Deforestation and wildlife management: Are elephants attracted by recently deforested areas?

The areas elephants prefer more are those that have been cleared «recently» and consist of shifting cultivation and regenerating forest, thus increasing human/elephant conflict.

Participation to the "Forest ecosystems, living forest" colloquium at the National Domain of Chambord (France), March 26 and 27, 2019 (https://living-forests.sciencesconf.org/) where the results, obtained so far, on the link between deforestation and movement of elephants have been presented: elephants are attracted to forest regrowth and cultivated fields, increasing the risk of human/elephant conflict. The work aims to update the results and interpretations with new data on elephant movement and land use, leading to a future scientific publication and a presentation at the IUFRO World Congress (International Union of Forest Research Organizations) in Brazil in September 2019.

The summary below and presentation attached.

Deforestation is a major cause of wildlife decline in tropical ecosystems. The conversion of mature forest to fields by shifting cultivation leaves behind fallow lands with secondary vegetation. Paradoxically, secondary forest regrowth that provides abundant forage in comparison with mature forests can benefit some species as the African elephant (Loxodonta africana) but they are also attracted towards human communities and cultivations raising conservation issues. The study was conducted in Gile National Reserve, Mozambique, an unfenced protected area composed of Miombo woodland. Among 60 elephants remaining in the Reserve, 5 individuals were equipped with GPS collars in 2014 in 2016. Deforestation was monitored by remote sensing from 1990 to 2016 and a map of forest productivity was built. To test our hypothesis, we modelled resource selection functions using the GPS data.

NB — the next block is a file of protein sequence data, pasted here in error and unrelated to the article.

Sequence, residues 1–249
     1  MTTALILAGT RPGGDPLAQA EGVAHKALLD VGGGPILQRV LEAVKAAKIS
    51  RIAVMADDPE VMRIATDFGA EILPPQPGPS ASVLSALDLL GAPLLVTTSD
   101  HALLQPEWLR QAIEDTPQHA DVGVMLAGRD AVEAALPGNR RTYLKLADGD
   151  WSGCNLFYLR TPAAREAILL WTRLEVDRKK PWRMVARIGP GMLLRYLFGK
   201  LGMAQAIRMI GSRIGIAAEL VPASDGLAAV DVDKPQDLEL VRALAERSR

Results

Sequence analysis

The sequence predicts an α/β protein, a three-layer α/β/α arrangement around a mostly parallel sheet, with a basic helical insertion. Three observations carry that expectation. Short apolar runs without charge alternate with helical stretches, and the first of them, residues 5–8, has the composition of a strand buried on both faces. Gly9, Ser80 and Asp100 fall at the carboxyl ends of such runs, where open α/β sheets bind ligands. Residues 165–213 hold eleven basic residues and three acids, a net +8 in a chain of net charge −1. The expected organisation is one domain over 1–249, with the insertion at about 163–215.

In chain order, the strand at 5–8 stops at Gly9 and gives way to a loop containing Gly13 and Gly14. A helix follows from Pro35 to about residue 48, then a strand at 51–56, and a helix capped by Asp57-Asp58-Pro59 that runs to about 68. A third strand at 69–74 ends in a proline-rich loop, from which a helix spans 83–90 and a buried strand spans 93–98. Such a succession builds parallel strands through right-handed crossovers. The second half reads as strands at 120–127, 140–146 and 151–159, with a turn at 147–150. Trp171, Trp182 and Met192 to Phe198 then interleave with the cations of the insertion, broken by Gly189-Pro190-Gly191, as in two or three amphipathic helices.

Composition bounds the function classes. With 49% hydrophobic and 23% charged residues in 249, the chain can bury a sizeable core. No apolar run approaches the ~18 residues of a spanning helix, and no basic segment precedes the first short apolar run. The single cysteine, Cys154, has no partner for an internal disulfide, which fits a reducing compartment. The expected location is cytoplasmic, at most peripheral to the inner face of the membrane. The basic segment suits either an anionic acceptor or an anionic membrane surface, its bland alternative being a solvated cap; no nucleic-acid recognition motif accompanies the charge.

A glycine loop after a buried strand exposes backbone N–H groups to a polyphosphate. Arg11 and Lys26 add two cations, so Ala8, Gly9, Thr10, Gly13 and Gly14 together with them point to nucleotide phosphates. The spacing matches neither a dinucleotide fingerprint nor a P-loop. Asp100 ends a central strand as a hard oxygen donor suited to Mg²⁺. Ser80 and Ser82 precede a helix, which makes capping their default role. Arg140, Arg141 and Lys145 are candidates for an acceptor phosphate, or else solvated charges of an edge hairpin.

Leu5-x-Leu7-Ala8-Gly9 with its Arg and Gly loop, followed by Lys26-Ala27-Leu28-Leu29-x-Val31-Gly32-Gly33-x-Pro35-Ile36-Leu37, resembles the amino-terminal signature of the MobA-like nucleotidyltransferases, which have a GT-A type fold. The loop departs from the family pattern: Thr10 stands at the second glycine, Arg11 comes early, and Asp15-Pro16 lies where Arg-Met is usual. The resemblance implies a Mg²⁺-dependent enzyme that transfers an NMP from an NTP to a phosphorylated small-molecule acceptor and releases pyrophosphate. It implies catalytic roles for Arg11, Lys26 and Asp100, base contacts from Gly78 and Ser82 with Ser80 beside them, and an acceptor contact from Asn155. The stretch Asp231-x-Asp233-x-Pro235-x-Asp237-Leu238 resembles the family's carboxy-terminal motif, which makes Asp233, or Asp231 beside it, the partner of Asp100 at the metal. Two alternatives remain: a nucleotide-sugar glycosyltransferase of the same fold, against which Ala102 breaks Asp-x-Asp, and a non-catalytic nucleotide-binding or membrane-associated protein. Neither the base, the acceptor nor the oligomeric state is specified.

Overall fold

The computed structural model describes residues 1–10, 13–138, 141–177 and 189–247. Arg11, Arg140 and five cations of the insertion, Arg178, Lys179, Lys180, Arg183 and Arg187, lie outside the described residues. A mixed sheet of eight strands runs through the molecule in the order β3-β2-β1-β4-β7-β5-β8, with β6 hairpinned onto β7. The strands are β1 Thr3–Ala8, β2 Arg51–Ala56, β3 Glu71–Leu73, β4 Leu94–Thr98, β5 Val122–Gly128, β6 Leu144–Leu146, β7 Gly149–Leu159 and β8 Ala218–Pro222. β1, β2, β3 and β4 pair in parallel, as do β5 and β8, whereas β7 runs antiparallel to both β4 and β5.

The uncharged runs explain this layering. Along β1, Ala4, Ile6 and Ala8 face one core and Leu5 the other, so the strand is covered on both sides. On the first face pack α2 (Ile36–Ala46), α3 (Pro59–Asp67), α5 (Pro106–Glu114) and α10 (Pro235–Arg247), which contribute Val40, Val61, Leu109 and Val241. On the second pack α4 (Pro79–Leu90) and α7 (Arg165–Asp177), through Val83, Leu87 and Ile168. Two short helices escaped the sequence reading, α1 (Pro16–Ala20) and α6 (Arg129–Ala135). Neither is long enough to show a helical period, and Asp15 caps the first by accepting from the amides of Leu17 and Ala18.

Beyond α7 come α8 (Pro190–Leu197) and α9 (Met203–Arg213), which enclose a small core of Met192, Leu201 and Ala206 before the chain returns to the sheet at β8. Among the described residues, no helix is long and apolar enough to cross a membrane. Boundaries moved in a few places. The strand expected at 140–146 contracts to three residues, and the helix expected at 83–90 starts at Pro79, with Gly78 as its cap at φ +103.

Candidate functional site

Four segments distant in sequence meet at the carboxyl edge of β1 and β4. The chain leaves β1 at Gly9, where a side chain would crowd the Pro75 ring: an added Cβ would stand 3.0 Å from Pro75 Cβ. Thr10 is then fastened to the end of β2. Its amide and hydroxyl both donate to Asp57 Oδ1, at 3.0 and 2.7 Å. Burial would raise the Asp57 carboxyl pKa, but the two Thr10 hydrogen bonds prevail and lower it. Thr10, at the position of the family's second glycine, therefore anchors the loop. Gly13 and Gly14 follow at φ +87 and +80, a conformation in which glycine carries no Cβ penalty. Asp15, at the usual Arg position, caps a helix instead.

Elephants spend about half of their time in the core area and half in the buffer zone where most of the deforestation occurs. Elephants neither prefer nor avoid pristine forest habitats and cleared between 1990 and 2005. They prefer areas cleared since 2005 where forest regrowth occurred since 2009. The areas the most selected were cleared between 2010 and 2013 and were in cultivation during the study. Shifting agriculture leads to the displacement elephants toward cultivated fields and regenerating forest vegetation thus increasing Human/Elephant conflicts. This resource selection strategy also raises conservation questions related to the Reserve management aiming at reducing deforestation. Diversity of habitats should be maintained and resource selection linked to vegetation dynamics should be further understood.